What is Evidence Based Medicine?
Seetaram V. Korgaonkar
Rita S. Korgaonkar
Basic and clinical research results that were incorporated in medical decision making was found to be subjective in earlier times, and there was no formal process for determining the extent of research evidence. Many studies done from 1960 to 1972, found that there were a lack of controlled trials supporting many practices which had previously been assumed to be effective. Towards the end of 1980, it was seen that larger numbers of procedures performed by physicians were considered inappropriate and not up to medical standards. The absence of comparative research, undermined medical decision-making at the level of individual patients and population at large, and this paved the way for the introduction of evidence based medicine (EBM). Now EBM has a considerable impact on modern day healthcare practices.
In modern day health-care practice, when clinicians encounter patient care decisions, optimal practice demands knowledge and application of the relevant evidence. Although medicine has a long tradition of basic and clinical research, research incorporated in medical decision was subjective. This traditional approach depended on each individual physician and was so called “clinical judgment.” Whereas in the case of a decision that applied to the population, guidelines of research would be determined by committees of experts, but there was still no formal process for determining the extent of research evidence. It used to be assumed that decision makers would incorporate evidence based on their education, experience, expertise and ongoing study of applicable literature. Subsequently, several flaws became apparent in the traditional approach of medical decision-making. Many studies done between the years 1960 to 1972 found out that there were a lack of controlled trials supporting many practices which had previously been assumed to be effective. This resulted in a significant gap between the available evidence and the actual clinical evidence.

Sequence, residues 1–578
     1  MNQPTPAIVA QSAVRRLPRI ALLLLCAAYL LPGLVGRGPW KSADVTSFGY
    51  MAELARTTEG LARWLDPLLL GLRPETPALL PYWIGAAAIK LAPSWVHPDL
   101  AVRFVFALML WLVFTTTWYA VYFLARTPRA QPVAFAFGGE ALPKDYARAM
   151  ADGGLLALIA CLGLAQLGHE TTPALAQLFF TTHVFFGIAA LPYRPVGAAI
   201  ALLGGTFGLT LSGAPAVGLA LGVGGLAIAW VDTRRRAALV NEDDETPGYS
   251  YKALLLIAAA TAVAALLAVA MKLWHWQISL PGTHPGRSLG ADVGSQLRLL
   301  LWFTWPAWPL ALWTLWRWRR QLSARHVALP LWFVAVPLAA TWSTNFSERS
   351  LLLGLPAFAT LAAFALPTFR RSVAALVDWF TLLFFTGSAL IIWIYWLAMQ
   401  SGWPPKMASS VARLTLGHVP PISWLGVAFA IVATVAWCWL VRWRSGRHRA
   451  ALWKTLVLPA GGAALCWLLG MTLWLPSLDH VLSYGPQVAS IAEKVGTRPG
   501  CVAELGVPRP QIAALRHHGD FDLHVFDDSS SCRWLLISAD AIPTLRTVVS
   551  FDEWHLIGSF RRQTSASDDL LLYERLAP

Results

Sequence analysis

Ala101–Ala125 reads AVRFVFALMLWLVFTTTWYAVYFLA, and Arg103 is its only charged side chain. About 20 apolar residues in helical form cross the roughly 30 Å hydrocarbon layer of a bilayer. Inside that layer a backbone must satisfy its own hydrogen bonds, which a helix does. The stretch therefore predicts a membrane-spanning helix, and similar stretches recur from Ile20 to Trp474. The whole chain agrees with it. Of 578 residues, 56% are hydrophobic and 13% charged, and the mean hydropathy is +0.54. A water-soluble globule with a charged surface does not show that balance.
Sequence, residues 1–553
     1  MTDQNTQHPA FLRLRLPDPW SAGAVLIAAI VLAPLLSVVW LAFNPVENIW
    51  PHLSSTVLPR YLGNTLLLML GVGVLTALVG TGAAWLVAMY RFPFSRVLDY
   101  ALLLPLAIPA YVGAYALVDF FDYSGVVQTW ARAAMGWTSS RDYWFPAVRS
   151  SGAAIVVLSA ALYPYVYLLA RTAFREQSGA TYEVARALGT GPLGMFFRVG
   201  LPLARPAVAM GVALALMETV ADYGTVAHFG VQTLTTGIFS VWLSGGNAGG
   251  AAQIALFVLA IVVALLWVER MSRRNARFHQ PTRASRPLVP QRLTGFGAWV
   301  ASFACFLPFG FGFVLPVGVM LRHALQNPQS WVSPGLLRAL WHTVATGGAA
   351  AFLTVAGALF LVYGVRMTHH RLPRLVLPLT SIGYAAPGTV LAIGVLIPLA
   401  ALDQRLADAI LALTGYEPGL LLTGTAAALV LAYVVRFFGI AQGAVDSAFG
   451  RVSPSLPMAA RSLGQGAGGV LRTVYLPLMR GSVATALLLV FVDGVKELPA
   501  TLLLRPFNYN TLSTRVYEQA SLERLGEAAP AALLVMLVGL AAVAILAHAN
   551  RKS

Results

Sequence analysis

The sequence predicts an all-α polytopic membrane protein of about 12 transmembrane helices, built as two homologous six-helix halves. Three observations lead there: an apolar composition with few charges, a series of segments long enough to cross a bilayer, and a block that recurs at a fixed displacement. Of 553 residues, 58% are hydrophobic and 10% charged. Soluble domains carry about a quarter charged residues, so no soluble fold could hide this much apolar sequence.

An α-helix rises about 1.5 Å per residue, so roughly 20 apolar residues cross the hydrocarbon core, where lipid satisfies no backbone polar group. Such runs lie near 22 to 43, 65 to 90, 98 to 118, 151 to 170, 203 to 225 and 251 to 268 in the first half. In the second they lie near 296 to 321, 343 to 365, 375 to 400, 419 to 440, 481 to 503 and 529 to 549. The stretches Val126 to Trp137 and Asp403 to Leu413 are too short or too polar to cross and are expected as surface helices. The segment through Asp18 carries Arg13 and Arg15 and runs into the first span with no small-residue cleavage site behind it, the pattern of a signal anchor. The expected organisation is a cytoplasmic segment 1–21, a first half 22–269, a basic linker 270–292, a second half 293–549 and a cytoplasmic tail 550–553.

Prior to the onset of EBM, due to the inconsistency between evidence and expert recommendations, it was difficult to make rational clinical decisions. Towards the end of 1980, it was seen that larger proportions of procedures performed by physicians were considered inappropriate even by the standards set by their own peers. This resulted in flaws in medical decision-making, at the level of individual patients and populations, and so paved the way for the introduction of EBM.
David M. Eddy first began to use the term “evidence-based” in 1987 in a manual on insurance coverage of new technologies.[1,2] He explicitly described available evidence that pertained to a policy and connected the policy to evidence. He therefore consciously anchored a policy not to the current practice or the belief of experts, but instead to experimental evidence. The policy must be consistent with and supported by evidence. The pertinent evidence must be identified, described and analyzed. The policymakers must determine whether the policy is justified by evidence and rationale must be written.